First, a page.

If recent reports are any indicator, Bhutan has to do a lot more in removing the stigma attached to HIV/AIDS.
Six years after five people went public with their HIV positive status and 24 years since Bhutan reported the first HIV positive case, there are still many who do not know enough or care to know enough about the infection. This could cause those living with HIV face prejudice and discrimination.
And it is this that we do not want. It was the same fear of being discriminated, perceived or otherwise, that got those living with the infection to go public. We have seen the support and solidarity shown to those living with the infection. But only they would be able to tell how cosmetic such supports have been. They may be asking for inclusiveness and more while we could only be willing to offer tolerance.
Be it in the taunts or supportive gestures made towards people living with HIV, there is a need to understand the cultural context. We ask questions subtly, just as subtly as we discriminate. For the HIV positive community who are conscious of their status, it cannot be ignored that often comments or even a conversation could be perceived as discriminatory. If they are harbouring such perceptions, their reactions to these comments could be seen as aggression.
While we have policies and laws in place to treat all equally, there appears to be a communication issue in the way we are handling sensitive issues such as HIV. After bombarding the society of the killer disease called HIV and instilling fear among people since the first HIV positive case was reported, we are today struggling to normalise the infection as just another chronic disease. Changing the mindset takes time and efforts to debunk myths associated to the transmission of the virus need to be strengthened. Many are aware that sharing gym equipment or shaking hands doesn’t transmit HIV, but most are unwilling to take the risk.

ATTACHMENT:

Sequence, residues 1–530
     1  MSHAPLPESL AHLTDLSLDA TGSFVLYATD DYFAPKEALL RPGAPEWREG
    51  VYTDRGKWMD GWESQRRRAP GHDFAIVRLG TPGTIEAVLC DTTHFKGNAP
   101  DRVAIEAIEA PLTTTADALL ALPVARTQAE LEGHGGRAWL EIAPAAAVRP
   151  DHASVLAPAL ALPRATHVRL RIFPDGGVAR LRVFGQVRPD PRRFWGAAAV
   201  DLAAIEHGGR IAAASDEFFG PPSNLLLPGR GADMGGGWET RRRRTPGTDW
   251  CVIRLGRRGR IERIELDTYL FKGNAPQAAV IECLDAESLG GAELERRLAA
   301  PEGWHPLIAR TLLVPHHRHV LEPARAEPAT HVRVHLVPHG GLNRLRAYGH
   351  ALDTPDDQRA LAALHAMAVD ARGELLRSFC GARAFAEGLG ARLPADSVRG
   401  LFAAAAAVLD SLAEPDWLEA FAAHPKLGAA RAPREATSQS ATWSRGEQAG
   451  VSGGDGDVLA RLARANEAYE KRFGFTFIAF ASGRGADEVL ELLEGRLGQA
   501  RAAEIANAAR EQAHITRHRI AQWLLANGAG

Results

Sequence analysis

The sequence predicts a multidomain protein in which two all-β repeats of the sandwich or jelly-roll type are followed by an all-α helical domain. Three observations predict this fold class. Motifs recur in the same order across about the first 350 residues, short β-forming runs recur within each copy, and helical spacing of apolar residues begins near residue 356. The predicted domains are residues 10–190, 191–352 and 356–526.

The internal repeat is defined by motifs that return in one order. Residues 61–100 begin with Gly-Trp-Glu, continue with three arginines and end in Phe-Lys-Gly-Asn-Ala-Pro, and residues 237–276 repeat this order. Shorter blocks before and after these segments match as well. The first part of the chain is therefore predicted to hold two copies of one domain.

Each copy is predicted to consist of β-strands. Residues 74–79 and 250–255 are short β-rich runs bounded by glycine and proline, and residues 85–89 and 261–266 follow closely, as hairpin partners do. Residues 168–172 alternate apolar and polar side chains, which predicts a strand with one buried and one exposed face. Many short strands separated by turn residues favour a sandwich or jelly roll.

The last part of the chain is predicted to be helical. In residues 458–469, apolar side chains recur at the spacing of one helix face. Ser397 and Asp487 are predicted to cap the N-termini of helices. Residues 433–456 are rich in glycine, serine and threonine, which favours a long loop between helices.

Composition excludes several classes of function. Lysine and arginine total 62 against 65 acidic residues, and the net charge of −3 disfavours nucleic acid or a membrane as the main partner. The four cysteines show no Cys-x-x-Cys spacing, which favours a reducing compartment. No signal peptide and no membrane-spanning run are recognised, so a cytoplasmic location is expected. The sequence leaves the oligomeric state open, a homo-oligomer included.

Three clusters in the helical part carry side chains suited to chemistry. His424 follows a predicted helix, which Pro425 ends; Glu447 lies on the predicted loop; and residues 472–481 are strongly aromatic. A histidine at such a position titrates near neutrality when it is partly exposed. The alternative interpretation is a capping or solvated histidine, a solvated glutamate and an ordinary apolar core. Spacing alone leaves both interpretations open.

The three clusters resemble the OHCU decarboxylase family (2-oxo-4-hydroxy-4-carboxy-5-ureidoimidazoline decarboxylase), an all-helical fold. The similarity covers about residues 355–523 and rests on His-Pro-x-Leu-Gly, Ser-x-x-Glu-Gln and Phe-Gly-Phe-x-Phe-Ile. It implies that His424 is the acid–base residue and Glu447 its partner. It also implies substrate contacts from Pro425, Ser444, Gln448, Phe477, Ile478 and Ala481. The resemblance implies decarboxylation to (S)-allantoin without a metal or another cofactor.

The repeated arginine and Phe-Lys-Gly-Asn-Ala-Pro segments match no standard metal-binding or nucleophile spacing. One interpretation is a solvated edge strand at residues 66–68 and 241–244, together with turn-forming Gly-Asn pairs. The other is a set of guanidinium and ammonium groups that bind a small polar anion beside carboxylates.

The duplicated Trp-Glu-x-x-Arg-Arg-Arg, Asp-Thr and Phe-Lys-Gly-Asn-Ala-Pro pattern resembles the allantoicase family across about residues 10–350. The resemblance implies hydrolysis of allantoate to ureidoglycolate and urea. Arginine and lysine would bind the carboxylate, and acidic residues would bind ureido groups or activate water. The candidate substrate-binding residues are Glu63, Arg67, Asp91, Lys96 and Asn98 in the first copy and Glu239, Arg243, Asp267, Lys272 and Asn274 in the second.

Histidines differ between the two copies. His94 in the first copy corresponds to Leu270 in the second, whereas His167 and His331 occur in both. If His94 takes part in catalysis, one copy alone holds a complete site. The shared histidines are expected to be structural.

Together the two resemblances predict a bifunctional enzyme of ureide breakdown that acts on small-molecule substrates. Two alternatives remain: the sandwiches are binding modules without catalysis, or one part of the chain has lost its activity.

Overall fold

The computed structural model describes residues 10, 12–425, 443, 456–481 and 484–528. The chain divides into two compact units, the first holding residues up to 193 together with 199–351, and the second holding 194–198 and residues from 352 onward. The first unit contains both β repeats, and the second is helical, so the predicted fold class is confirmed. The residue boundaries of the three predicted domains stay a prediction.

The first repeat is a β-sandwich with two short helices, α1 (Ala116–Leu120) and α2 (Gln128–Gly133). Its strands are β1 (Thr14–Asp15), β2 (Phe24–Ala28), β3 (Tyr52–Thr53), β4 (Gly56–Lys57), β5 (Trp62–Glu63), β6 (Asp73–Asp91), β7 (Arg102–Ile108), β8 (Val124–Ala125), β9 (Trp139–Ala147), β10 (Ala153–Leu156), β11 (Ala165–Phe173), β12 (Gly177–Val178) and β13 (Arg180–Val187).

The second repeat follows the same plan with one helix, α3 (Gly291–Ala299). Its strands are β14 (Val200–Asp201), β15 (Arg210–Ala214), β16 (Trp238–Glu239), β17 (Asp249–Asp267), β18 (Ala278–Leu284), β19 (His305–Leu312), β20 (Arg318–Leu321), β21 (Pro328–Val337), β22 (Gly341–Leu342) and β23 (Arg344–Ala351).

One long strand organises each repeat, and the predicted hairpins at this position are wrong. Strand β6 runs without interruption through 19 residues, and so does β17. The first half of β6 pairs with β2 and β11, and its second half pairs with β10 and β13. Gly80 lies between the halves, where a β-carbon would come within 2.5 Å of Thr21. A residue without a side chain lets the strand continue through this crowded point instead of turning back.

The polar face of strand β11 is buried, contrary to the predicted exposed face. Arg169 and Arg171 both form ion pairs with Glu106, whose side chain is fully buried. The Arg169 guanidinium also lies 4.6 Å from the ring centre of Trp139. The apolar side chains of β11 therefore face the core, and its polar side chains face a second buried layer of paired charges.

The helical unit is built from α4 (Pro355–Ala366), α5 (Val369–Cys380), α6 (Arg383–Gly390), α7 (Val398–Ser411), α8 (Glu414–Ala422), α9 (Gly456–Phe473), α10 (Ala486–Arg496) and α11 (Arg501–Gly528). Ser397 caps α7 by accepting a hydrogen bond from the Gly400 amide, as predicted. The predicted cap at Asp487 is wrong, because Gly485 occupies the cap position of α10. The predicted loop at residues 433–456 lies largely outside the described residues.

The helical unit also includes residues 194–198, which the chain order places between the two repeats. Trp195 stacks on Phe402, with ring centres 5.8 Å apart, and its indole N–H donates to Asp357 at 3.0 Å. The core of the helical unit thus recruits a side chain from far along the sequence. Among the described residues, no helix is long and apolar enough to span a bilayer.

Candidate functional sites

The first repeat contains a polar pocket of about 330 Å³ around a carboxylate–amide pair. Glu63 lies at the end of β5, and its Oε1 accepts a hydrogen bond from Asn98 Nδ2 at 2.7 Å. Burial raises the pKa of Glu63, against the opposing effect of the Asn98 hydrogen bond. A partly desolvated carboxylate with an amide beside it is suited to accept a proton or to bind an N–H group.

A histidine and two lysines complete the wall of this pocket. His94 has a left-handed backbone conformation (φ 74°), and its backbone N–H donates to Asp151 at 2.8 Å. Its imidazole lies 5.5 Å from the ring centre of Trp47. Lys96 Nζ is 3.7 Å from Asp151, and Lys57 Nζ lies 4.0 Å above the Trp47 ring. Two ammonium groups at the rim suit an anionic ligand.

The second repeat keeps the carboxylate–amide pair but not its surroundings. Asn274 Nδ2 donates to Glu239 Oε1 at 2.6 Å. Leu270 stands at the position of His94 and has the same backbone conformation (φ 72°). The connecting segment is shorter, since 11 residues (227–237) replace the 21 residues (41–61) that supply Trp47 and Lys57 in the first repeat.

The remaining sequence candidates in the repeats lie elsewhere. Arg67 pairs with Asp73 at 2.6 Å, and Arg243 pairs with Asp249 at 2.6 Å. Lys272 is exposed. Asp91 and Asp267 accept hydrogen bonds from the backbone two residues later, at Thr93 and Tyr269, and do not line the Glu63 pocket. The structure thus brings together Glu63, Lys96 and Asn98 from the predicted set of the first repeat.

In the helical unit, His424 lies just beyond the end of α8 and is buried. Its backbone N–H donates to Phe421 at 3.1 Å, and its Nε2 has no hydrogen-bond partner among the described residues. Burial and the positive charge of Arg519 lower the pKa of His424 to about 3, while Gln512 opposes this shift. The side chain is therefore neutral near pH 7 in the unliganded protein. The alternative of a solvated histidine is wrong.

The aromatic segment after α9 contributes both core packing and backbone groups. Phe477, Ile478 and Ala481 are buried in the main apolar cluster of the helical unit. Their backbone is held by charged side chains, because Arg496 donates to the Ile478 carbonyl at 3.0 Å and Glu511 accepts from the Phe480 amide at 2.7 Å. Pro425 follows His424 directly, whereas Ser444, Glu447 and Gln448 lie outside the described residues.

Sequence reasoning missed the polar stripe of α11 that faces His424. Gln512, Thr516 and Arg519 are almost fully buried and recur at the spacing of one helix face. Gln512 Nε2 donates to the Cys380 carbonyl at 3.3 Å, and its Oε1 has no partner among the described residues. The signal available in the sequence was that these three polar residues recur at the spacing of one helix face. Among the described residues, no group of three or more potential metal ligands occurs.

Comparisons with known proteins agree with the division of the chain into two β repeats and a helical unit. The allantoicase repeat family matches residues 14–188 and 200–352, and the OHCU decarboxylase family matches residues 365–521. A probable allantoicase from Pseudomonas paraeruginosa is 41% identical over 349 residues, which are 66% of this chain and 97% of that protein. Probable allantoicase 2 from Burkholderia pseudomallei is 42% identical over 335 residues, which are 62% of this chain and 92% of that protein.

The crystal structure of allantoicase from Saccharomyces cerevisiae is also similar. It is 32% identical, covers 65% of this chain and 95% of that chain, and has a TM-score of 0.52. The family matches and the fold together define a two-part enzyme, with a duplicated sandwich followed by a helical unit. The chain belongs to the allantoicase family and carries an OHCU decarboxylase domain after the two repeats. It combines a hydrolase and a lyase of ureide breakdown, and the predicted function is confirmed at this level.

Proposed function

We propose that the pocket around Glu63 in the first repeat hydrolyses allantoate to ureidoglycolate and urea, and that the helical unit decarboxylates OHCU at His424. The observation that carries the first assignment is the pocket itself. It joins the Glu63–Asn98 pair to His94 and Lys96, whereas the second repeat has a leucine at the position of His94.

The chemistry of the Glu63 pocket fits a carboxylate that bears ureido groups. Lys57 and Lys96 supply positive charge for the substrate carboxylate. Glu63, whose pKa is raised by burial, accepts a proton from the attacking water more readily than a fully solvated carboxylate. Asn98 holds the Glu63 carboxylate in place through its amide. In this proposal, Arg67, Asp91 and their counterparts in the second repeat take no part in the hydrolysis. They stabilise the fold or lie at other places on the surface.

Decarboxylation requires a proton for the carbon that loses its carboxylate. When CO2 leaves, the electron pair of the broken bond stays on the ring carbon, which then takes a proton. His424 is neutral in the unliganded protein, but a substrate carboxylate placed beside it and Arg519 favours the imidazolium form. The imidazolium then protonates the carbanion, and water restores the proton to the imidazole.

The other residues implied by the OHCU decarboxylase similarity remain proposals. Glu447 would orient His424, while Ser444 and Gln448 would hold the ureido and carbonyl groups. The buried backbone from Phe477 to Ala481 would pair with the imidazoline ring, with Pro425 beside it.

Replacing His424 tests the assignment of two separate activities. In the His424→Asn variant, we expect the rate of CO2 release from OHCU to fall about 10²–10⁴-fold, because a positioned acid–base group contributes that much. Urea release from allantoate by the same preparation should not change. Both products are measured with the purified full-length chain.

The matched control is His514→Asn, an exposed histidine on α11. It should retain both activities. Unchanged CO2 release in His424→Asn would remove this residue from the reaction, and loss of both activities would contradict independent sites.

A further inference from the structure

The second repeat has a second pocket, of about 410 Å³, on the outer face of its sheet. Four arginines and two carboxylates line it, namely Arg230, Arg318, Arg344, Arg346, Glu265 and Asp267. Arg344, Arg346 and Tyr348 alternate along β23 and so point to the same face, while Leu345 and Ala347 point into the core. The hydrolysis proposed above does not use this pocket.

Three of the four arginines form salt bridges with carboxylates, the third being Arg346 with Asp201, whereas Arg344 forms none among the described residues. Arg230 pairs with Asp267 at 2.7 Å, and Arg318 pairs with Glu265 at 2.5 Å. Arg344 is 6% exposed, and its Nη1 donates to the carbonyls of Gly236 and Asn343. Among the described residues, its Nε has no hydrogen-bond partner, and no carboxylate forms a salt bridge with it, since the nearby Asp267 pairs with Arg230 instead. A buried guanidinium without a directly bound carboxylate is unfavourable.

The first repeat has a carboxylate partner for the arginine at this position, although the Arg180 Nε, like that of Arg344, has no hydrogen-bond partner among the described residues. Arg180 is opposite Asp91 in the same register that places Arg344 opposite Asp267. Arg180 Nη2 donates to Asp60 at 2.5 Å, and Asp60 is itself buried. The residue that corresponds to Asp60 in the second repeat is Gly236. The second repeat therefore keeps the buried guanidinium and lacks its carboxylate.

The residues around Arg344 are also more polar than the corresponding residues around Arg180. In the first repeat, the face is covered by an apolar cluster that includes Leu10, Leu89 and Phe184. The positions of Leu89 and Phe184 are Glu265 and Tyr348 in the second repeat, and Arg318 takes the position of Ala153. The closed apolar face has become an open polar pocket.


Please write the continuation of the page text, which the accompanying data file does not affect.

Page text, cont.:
This calls for intensified advocacy programmes. Bhutan being classified as a low HIV prevalence country does not mean we become complacent, not when we are aware that many Bhutanese choose to get tested abroad and avoid treatment at home. If it is the fear of being stigmatised that is preventing them from seeking medical care, then we have not done better.
Those living with HIV have shared that giving the infection a face has made them see the realities of a society that claims to be compassionate but is often unkind. Seeking support from organisations is still perceived as taking advantage of their HIV status.
This needs to change.
We have the political will to support people living with HIV/AIDS. We need to re-educate ourselves about the infection and the modes of transmission. HIV has always been feared and we fear what we don’t know.